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Cherry festivals, Holy Ghost festas, oyster pirates, tractors, squatters, Portuguese―the many threads of San Leandro’s past have woven a rich historical tapestry underlying the modern city of San Leandro. These 15 square miles between San Francisco Bay and the East Bay hills have been an Ohlone village, a Spanish rancho, a small farm town, the Portuguese capital of the West, an industrial center, and a major metropolitan suburb as a succession of new people has transformed the area.
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Author Cynthia Vrilakas Simons has selected the best images from the San Leandro Historical Photograph and Document Collection and other sources to reveal the many layers of San Leandro’s past. Now retired, the author spent several years as the San Leandro local history librarian, and planned and wrote the exhibits for the new San Leandro Museum and the History Walk. Using the knowledge gained in her local history work, Simons leads the reader through San Leandro from the time when the Ohlone Indians lived in a world with grizzlies, vast flocks of birds, and herds of antelope and deer, to the 21st-century world of suburban homes, freeways, and changing technologies.Review:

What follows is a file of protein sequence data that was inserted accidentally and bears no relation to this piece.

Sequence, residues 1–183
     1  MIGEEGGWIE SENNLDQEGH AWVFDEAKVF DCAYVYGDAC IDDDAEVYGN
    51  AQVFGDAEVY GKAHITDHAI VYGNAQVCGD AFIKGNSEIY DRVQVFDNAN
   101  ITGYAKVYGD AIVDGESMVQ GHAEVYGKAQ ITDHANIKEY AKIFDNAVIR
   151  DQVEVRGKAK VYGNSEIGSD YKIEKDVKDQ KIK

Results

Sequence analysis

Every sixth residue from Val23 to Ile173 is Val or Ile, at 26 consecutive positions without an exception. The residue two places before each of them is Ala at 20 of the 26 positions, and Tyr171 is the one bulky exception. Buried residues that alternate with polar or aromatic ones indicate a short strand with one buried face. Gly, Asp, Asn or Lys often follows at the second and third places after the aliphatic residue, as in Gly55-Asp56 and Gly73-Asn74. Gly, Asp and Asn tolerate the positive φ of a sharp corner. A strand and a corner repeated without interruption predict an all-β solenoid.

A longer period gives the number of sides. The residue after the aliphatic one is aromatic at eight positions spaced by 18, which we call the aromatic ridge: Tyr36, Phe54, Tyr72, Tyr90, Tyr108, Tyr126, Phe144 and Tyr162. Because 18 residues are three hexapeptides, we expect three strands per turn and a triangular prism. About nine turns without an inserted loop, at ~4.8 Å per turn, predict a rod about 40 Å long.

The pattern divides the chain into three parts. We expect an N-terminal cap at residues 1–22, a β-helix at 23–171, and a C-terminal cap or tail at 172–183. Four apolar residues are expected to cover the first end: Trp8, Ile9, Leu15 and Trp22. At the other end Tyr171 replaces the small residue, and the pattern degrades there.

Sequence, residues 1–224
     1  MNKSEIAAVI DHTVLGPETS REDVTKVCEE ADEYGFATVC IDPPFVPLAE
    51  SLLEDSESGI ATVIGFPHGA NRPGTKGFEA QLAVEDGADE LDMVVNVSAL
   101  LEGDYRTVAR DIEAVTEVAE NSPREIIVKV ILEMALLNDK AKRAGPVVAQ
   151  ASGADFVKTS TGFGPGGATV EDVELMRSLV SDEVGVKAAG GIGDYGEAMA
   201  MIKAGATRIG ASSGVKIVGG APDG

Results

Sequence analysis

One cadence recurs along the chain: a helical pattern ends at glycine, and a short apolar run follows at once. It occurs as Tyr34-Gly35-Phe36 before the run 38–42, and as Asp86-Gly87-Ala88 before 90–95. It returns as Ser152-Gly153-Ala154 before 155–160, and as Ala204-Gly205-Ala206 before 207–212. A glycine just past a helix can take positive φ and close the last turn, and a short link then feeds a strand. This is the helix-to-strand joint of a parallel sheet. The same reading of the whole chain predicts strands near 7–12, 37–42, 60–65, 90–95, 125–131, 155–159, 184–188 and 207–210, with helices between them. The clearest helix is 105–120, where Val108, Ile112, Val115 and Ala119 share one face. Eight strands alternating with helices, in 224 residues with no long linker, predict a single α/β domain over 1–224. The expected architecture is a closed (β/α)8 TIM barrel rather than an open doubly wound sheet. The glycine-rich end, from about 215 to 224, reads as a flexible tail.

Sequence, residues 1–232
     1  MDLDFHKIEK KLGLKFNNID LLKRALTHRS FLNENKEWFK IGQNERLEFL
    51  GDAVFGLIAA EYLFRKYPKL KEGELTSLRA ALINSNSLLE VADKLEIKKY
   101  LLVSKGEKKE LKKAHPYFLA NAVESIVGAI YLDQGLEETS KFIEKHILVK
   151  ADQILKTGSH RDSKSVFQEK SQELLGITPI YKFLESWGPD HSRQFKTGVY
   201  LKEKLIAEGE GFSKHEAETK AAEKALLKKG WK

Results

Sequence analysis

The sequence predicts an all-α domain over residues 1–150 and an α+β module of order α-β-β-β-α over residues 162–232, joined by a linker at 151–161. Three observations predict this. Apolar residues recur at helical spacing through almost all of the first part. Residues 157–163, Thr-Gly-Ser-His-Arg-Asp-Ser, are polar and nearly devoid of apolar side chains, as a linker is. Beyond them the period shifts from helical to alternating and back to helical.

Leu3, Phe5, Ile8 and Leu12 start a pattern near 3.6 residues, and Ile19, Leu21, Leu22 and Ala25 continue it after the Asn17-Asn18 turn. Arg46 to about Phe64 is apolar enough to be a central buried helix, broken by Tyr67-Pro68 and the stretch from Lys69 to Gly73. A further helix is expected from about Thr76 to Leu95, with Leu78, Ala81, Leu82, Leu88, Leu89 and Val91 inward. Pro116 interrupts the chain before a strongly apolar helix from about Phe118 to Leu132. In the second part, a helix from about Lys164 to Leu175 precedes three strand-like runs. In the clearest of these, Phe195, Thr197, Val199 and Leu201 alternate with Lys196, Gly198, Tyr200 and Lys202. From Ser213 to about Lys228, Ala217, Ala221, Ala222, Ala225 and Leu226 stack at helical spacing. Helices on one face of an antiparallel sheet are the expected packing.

Title: New Book Looks at City’s History
Author: Amy Sylvestri
Publisher: San Leandro Times
Before his writing career took off, Jack London made a few extra bucks in a less noble profession ― he was an oyster “pirate,” sneaking onto the San Leandro shore at night and stealing shellfish to sell at local markets.